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Oral arguments on ‘no-contact’ policy moved to December

at Main Avenue in Cubao, Quezon City. — PHILIPPINE STAR/ MICHAEL VARCAS

THE SUPREME Court (SC) has set Dec. 6 for the oral arguments on several petitions filed against the government’s use of video surveillance and digital cameras to catch traffic violators.  

In a statement on Thursday, the High Court also set Nov. 4 as the date for the preliminary conference.  

The oral arguments for the cases were initially scheduled for Jan. 24 next year.  

“The Supreme Court likewise ordered that the Metropolitan Manila Development Authority (MMDA) be furnished a copy of the Petitions, and thereafter file its comment within 10 days from receipt of the notice,” said the tribunal.  

A copy of the court’s resolution has yet to be uploaded to the SC website.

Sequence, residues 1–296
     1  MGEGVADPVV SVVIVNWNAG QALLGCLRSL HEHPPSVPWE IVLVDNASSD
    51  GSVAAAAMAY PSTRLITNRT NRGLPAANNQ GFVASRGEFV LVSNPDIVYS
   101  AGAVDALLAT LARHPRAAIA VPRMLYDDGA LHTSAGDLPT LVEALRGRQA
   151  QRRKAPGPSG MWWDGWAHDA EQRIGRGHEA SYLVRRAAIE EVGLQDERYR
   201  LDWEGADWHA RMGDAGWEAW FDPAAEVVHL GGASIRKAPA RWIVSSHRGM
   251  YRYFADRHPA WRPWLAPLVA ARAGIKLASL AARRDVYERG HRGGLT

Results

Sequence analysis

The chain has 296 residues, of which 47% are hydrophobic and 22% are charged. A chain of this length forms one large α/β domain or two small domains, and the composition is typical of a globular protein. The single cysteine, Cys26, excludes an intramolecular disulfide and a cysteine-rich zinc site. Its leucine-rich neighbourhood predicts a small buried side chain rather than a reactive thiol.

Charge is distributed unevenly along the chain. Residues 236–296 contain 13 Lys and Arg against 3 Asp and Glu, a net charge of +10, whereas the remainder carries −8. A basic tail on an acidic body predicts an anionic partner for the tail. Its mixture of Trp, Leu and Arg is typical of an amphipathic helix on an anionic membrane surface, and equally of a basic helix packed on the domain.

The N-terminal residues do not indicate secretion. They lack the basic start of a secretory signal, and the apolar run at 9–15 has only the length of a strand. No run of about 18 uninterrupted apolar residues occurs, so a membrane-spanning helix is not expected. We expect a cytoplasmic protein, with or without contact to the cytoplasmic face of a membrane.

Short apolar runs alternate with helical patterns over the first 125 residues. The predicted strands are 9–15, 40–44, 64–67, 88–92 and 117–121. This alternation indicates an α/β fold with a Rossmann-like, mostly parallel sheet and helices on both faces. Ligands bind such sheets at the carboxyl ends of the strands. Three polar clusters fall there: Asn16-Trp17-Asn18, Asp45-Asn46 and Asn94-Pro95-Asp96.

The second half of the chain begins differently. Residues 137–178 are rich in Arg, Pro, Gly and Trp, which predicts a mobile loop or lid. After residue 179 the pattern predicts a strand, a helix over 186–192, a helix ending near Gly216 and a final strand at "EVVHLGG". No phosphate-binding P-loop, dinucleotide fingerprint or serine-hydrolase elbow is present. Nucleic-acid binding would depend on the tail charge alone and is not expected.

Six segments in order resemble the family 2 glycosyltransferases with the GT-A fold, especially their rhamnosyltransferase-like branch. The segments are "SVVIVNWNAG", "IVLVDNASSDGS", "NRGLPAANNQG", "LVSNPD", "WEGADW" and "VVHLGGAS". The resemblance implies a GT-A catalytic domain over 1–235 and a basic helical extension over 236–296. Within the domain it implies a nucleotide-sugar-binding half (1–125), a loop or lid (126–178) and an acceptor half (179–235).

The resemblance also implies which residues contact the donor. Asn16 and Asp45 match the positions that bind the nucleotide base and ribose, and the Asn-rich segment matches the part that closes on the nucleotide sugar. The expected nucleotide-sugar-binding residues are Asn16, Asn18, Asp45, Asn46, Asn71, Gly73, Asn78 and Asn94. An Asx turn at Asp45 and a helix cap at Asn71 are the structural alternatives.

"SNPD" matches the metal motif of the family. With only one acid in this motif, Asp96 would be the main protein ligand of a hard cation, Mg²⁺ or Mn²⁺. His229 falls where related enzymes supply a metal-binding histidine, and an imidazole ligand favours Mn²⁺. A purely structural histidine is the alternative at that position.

Last month, the tribunal issued a temporary restraining order (TRO) which stopped law enforcers from implementing the government’s so-called no-contact apprehension policy. 

Several transport groups earlier asked the High Court to void the policy, asserting that it is prone to abuse.  

A lawyer who was fined more than P20,000 for alleged traffic violations also filed a separate lawsuit on Aug. 18.  

The court said it issued the order “without necessarily giving due course to the petitions.” 

The TRO stopped the Land Transportation Office (LTO) from giving out motorists’ information to local government units. 

The policy was being enforced in the cities of Manila, Muntinlupa, Parañaque, Quezon and Valenzuela as well as by the MMDA, which has jurisdiction across the capital region Metro Manila. 

Mayors of the cities using the no-contact system have said the policy had minimized human intervention in traffic enforcement. — John Victor D. Ordoñez

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